|L-R: Andrew Gillum, John Morgan, Patrick Murphy, Mike
Huckabee, Adam Putnam|
Democratic respondents were asked to choose from a list of names a candidate they would support if the party primary for the governor was being held that day. “I don’t know” was the most frequent answer with 35.5 percent of responses.
Former Congressman Patrick Murphy, who opposed U.S. Senator Marco Rubio in the most recent election, came in next with 20.2 percent. Though Murphy was elected to Congress in 2012 and 2014, Frank Orlando, political scientist and director of the Saint Leo University Polling Institute, said it was the unsuccessful race against Rubio that gave Murphy enough name recognition statewide to be named so often by Democrats taking the survey.
John Morgan, the private attorney who advocated for medical marijuana’s legalization in Florida, attracted 9.4 percent of responses. He has said he might run for governor as a Democrat. Tallahassee Mayor Andrew Gillum, who officially confirmed in early March that he wants the governor’s office, gathered only 3.9 percent.
Among Republican respondents who answered the survey, a similar result was reported when they were asked to name a candidate they would support for the gubernatorial primary nomination if the election was that day. The most popular answer was “I don’t know,” selected by one-third of respondents.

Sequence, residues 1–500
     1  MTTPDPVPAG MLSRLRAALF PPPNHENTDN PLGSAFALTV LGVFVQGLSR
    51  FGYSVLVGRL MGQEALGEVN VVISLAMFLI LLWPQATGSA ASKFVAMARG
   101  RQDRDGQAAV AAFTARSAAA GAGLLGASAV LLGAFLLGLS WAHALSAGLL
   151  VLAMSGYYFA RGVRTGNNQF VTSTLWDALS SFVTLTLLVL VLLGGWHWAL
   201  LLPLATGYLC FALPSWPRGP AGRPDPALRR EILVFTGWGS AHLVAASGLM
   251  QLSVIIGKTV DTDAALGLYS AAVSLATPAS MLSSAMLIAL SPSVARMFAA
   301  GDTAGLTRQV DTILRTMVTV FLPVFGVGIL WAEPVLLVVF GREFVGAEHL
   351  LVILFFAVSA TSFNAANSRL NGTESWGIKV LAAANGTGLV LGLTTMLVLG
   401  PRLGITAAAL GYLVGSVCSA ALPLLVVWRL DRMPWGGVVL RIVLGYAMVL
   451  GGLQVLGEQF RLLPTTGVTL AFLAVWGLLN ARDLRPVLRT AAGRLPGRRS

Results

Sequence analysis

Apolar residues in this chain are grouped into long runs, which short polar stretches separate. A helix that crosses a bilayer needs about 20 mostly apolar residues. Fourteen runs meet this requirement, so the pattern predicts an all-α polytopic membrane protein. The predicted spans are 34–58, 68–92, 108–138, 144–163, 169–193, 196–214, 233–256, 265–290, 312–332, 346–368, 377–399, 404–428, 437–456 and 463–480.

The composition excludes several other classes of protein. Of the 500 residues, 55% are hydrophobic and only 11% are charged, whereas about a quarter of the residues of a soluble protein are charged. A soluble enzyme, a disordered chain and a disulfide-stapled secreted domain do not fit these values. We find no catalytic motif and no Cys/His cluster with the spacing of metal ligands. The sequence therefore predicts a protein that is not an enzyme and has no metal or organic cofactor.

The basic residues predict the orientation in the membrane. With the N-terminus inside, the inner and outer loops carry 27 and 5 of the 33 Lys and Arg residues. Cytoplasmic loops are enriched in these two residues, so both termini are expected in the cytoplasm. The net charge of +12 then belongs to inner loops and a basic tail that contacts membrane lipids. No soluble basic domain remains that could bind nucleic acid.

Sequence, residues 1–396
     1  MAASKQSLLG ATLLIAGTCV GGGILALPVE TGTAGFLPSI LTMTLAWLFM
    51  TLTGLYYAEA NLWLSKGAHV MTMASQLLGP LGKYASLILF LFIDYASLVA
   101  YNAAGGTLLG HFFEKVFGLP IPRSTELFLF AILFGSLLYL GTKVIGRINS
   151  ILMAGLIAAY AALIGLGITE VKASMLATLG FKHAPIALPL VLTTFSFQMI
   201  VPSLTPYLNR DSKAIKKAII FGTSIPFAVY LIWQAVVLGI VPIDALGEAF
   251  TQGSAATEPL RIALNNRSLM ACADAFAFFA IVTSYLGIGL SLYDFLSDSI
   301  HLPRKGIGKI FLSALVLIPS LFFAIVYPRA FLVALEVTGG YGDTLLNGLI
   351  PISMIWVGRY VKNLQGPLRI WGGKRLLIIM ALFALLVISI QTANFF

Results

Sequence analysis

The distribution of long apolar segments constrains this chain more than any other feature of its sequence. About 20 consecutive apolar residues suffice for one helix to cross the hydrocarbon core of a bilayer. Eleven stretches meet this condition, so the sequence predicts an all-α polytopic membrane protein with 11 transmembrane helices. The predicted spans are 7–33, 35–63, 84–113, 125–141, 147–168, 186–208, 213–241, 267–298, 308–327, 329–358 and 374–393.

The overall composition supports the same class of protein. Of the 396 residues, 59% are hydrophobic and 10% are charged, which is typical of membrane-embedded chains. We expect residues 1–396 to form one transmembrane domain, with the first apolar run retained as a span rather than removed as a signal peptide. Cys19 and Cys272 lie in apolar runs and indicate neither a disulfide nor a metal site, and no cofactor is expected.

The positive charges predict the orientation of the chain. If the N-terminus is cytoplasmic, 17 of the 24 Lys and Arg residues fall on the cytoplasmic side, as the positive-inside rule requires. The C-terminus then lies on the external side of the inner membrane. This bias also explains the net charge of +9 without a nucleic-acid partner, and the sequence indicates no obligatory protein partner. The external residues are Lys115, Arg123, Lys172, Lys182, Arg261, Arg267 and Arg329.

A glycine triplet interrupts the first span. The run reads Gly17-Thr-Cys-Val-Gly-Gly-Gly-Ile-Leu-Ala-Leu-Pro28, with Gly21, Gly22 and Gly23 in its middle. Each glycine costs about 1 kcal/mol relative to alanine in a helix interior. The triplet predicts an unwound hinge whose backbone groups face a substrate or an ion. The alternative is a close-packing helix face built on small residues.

The next most popular choice was former television host and former Arkansas Governor Mike Huckabee (who now lives in the Panhandle) at 29.7 percent. Florida native and politician Adam Putnam, currently state commissioner of agriculture and consumer services, received 12.6 percent.
The survey asked respondents from all political backgrounds whom they would support if the election was that day and the choices for governor were (Republican) Adam Putnam and (Democrat) John Morgan. It turns out 42.2 percent were undecided, while 25.6 percent chose Morgan and 19.5 selected Putnam. More than 12 percent wanted “someone else.”
“The biggest word in the gubernatorial race is still ʻuncertainty’,” said Orlando. “Most candidates are still doing their homework to decide if making a run is worth it. Until the field crystallizes, we’ll continue to see results dominated by name ID.”
The responses were gathered online from 507 adults from March 3 to March 11, 2017. The margin of error for responses is plus or minus 4.5 percentage points.